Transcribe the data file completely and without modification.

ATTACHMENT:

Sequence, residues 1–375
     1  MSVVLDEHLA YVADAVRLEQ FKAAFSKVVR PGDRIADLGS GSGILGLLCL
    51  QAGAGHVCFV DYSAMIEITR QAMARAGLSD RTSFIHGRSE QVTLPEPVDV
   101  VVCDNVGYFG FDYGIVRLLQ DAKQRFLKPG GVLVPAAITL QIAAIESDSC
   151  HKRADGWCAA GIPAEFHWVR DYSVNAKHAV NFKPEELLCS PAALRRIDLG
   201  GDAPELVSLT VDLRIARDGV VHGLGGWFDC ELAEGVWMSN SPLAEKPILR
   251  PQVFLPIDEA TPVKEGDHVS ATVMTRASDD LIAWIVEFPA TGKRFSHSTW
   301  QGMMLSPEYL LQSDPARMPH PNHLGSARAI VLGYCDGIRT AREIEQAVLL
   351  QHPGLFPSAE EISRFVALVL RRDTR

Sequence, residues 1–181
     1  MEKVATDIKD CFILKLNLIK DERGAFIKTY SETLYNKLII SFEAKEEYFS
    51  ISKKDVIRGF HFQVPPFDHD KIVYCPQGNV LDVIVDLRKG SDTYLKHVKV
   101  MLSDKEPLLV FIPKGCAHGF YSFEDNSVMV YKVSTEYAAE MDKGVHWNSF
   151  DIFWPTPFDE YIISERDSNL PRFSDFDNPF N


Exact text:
Sequence, residues 1–375
     1  MSVVLDEHLA YVADAVRLEQ FKAAFSKVVR PGDRIADLGS GSGILGLLCL
    51  QAGAGHVCFV DYSAMIEITR QAMARAGLSD RTSFIHGRSE QVTLPEPVDV
   101  VVCDNVGYFG FDYGIVRLLQ DAKQRFLKPG GVLVPAAITL QIAAIESDSC
   151  HKRADGWCAA GIPAEFHWVR DYSVNAKHAV NFKPEELLCS PAALRRIDLG
   201  GDAPELVSLT VDLRIARDGV VHGLGGWFDC ELAEGVWMSN SPLAEKPILR
   251  PQVFLPIDEA TPVKEGDHVS ATVMTRASDD LIAWIVEFPA TGKRFSHSTW
   301  QGMMLSPEYL LQSDPARMPH PNHLGSARAI VLGYCDGIRT AREIEQAVLL
   351  QHPGLFPSAE EISRFVALVL RRDTR

Sequence, residues 1–181
     1  MEKVATDIKD CFILKLNLIK DERGAFIKTY SETLYNKLII SFEAKEEYFS
    51  ISKKDVIRGF HFQVPPFDHD KIVYCPQGNV LDVIVDLRKG SDTYLKHVKV
   101  MLSDKEPLLV FIPKGCAHGF YSFEDNSVMV YKVSTEYAAE MDKGVHWNSF
   151  DIFWPTPFDE YIISERDSNL PRFSDFDNPF N